Number 18

Are we one?

A portrait of Jesus’ Farewell Discourse to his disciples by Duccio di Buoninsegna, circa early 14th century. During his talk, Jesus prays that his disciples—and their disciples after them— would be one.

Jesus’ Farewell Discourse, as recorded in John 14 to 17, is full of images of who Jesus is. These four chapters present Jesus as a shepherd; a gate; and the way, the truth and the life.

Camp is only the beginning

Is it camp that needs its staff or is it the staff that need camp? Time and time again I have heard teens tell their faith story by beginning with, “I grew up in a Christian home, but camp is where it really all started.” I have a hunch that the people who choose to work at a summer camp really need the community in order to grow, whether they are aware of that when they apply or not.

Ways we warm each other’s hearts

Lora Braun, a music therapist and member of Morden (Man.) Mennonite Church, standing with guitar, sings her ‘Wild Hope’ song at the Mennonite Women Canada annual general meeting in Winnipeg on July 4, as part of MC Canada’s Assembly 2014.

Liz Koop

On July 4, following the Mennonite Women Canada annual business meeting in Winnipeg, more than 80 women gathered for a program of choral music and inspirational talks by three Manitoba women, Sandy Hung, Anne Heinrichs and Lora Braun, who focussed on the Mennonite Church Canada assembly theme, “Wild hope: Faith for an unknown season.” The program was a highlight for many and featured an origina

‘People can do this’

Stacey and Matthew Vandermeer stand in their backyard with a 77-litre garbage bag like the one they filled from July 1, 2013 to June 30 of this year. (Photo by Dave Rogalsky)

Friends would apologize for throwing things out when they visited. People posted nasty notes on the CBC and CTV websites in response to “the challenge.”

Small town + small church = big influence

With the help of youth and leaders from Sardis Community Church, Church of the Way conducted Vacation Bible School from July 7 to 11 for children from the Granisle and nearby Lake Babine communities. (Photo courtesy of Rob Wiebe)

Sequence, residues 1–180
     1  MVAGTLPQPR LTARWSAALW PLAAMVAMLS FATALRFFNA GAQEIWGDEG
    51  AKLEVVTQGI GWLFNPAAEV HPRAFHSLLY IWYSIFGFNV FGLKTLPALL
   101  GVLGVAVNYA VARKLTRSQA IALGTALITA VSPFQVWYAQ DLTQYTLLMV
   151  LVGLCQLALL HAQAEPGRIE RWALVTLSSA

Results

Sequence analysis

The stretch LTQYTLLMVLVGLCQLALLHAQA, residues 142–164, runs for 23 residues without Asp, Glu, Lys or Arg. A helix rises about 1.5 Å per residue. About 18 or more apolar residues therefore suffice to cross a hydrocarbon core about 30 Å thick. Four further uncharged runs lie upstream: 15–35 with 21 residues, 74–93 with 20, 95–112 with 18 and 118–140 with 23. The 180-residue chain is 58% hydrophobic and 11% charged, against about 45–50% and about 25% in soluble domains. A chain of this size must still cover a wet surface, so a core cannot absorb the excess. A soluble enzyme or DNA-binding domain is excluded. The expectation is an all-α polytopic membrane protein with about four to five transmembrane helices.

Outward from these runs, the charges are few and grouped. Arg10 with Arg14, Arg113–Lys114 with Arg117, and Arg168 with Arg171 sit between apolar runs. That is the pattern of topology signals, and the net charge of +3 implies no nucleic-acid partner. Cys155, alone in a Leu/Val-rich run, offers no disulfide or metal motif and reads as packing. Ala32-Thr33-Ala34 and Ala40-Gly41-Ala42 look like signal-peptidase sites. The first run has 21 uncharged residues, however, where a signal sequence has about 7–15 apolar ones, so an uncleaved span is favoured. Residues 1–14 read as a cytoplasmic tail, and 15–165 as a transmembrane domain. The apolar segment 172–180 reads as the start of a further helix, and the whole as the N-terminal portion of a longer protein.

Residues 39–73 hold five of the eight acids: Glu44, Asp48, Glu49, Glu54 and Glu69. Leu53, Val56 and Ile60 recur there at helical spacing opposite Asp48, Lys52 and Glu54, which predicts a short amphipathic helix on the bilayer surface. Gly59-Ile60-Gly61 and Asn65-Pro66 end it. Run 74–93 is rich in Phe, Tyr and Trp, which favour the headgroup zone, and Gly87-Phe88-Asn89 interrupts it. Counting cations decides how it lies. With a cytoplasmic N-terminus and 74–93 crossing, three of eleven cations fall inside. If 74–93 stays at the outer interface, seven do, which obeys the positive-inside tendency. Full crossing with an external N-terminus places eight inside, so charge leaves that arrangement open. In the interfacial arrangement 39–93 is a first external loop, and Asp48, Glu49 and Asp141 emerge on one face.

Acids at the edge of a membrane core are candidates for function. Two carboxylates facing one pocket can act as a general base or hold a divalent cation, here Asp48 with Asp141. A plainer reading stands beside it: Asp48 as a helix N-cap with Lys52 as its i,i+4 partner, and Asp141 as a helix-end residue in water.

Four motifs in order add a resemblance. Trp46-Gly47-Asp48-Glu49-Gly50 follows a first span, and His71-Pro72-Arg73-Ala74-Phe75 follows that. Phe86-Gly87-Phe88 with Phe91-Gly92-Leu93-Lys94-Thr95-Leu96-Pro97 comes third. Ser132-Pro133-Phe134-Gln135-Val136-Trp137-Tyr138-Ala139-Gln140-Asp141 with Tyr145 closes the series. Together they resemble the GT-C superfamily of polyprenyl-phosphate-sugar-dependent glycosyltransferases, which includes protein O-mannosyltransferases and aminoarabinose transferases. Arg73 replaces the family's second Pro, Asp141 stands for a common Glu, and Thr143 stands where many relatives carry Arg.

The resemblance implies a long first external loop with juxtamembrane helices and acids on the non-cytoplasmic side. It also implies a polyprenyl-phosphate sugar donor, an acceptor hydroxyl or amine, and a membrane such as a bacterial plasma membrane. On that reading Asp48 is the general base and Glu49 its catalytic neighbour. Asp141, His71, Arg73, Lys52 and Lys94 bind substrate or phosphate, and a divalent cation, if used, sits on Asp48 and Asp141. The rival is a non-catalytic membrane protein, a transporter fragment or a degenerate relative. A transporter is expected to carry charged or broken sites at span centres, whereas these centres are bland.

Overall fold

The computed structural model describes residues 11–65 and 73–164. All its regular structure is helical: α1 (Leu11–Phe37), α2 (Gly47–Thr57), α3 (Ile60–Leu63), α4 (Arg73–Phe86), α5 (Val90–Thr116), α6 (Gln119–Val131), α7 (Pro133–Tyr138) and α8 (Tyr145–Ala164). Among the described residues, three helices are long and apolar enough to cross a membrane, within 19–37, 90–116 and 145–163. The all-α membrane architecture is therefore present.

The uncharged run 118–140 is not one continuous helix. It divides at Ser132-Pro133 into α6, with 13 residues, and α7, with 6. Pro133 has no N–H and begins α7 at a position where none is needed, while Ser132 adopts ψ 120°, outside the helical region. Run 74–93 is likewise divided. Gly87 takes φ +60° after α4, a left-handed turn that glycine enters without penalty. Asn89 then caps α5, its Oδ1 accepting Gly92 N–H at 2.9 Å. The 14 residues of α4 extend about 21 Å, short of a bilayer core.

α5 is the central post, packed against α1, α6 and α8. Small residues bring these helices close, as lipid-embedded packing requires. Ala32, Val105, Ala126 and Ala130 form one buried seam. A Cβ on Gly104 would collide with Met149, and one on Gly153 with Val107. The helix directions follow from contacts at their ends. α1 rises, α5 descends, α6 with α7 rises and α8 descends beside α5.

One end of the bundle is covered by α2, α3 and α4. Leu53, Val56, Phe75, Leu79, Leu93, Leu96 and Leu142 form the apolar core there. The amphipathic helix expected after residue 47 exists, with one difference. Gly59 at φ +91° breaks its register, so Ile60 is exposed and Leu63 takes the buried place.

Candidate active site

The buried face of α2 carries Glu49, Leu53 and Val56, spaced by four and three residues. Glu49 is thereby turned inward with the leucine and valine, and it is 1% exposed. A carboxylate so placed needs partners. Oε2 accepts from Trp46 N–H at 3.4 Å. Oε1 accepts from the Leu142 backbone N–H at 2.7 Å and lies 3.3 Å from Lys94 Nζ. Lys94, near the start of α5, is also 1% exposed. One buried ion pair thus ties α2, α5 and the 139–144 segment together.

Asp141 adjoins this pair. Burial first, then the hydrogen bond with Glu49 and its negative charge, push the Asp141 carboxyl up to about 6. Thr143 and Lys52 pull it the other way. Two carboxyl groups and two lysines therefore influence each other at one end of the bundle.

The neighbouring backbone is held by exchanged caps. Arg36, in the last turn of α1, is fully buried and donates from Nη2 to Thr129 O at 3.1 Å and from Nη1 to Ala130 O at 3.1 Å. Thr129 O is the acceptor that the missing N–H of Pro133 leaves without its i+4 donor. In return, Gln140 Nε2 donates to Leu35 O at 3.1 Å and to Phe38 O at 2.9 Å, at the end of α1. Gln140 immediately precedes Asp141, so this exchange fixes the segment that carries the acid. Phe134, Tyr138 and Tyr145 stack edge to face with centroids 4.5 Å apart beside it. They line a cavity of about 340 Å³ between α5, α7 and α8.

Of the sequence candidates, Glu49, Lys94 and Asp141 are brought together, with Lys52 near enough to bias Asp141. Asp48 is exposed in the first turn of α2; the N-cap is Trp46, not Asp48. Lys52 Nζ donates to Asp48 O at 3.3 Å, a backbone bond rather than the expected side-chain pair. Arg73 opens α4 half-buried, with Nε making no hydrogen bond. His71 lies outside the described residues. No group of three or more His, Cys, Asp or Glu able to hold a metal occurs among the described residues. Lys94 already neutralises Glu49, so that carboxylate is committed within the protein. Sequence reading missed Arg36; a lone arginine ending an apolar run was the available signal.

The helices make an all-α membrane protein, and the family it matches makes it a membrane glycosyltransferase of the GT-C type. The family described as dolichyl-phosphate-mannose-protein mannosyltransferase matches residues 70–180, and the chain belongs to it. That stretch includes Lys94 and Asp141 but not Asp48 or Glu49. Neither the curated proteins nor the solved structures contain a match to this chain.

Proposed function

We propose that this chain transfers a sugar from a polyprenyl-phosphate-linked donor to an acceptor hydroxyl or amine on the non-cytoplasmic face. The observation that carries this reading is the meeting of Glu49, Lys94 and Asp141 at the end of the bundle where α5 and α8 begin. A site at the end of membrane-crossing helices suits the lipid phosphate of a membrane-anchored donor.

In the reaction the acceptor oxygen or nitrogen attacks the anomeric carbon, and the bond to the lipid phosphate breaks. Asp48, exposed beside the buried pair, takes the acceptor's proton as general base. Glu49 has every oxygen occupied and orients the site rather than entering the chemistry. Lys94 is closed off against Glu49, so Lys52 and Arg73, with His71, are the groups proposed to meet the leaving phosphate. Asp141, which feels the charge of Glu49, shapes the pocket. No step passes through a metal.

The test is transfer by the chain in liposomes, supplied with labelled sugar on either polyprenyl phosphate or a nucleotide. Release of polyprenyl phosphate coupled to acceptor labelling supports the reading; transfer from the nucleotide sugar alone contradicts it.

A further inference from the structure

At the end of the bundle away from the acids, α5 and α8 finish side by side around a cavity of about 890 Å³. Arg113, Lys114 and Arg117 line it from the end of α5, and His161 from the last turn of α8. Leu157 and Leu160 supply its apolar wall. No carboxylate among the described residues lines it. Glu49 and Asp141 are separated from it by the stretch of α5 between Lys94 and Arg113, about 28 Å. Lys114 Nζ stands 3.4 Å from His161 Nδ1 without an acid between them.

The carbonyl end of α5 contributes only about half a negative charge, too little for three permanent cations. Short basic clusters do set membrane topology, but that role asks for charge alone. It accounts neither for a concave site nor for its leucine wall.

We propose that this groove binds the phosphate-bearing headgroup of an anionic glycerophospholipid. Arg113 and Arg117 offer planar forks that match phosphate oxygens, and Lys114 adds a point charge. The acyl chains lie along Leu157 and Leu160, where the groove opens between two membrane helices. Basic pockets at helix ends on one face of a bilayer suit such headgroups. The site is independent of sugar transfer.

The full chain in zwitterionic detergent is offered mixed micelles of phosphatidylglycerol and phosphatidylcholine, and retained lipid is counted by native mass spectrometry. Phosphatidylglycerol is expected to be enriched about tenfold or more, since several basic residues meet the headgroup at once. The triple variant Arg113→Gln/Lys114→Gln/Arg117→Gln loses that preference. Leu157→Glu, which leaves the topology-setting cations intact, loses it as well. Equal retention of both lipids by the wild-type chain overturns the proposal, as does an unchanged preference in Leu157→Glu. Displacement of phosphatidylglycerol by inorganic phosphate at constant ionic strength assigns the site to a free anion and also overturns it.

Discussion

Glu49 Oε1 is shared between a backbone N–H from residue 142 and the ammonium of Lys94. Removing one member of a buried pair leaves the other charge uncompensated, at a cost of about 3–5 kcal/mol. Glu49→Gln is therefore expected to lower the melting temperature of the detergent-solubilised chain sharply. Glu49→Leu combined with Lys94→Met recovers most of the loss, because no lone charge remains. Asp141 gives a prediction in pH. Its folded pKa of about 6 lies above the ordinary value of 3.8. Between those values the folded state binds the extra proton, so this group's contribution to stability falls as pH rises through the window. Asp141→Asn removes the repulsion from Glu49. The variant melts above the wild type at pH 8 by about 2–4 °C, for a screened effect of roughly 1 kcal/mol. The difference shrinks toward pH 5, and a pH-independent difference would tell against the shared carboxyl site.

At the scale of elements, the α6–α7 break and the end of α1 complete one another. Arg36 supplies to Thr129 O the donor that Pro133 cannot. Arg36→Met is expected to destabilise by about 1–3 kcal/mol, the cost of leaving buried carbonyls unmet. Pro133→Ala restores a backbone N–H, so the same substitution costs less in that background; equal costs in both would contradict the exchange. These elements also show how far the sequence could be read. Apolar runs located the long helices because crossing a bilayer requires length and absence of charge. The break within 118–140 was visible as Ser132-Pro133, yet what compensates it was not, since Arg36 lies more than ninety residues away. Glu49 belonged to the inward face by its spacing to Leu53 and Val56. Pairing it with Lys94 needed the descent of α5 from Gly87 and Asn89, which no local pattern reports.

Pastor Rob Wiebe

Church of the Way in Granisle, British Columbia, may be small, but as the only church in town its witness in the community is large.

‘An energizing event’

Frank Elias, left, president of the Carman Mennonite Central Committee (MCC) Thrift Shop, welcomes Ron Janzen, director of MCC Manitoba, as he arrives on his 600-kilometre bicycle tour of the 16 thrift shops in Manitoba. Each store was given a rebuilt bicycle to raffle off during the celebrations when Janzen arrived.

It only took a few seconds for Ron Janzen to catch his breath as he dismounted his bicycle and entered the Carman Mennonite Central Committee (MCC) Thrift Shop to greet volunteers and shoppers.

A good Mennonite?

Ruth Klahsen, left, and Francis Evans stand at the counter of the Monforte on Wellington osteria in downtown Stratford, Ont. Klahsen is fond of saying that she would not open the restaurant until Evans signed on as a hostess (Photo by Dave Rogalsky)

Cheeses cure at the Monforte Cheese Factory in Stratford, Ont. (Photo by Dave Rogalsky)

Rosy Neale removes cheeses from their moulds at the Monteforte Cheese Factory in Stratford, Ont. (Photo by Dave Rogalsky)

The Monteforte Cheese Factory in Stratford, Ont. (Photo by Dave Rogalsky)

“I’m not a very good Mennonite,” says Ruth Klahsen as she sells her Monforte cheeses at the New Hamburg (Ont.) Mennonite Relief Sale, where all sales go to support Mennonite Central Committee relief projects.

Finding a sense of place

Churches should be rooted in neighbourhoods or parishes. That’s the claim of the authors, who represent Pentecostal, Anabaptist and Reformed traditions. Our lives and churches are fragmented, and many Sunday commuters pass other churches to meet with people who support their views and where everyone looks and acts similarly.

Let them stay

For 500 years the Mennonite narrative has been dominated by stories of forced migration, escapes from persecution and the search for a place of refuge—often desperate quests for freedom to practise our faith or chosen lifestyle, and the burning desire to live and raise our children in peace. Ethno-cultural, religious and economic factors were usually fully intertwined.

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